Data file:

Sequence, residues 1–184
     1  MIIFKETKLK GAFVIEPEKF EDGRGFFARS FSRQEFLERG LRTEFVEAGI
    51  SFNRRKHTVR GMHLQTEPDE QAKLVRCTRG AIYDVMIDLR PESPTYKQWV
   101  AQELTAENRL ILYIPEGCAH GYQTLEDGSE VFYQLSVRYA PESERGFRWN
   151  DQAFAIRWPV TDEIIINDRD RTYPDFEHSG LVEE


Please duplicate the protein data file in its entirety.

Sequence, residues 1–184
     1  MIIFKETKLK GAFVIEPEKF EDGRGFFARS FSRQEFLERG LRTEFVEAGI
    51  SFNRRKHTVR GMHLQTEPDE QAKLVRCTRG AIYDVMIDLR PESPTYKQWV
   101  AQELTAENRL ILYIPEGCAH GYQTLEDGSE VFYQLSVRYA PESERGFRWN
   151  DQAFAIRWPV TDEIIINDRD RTYPDFEHSG LVEE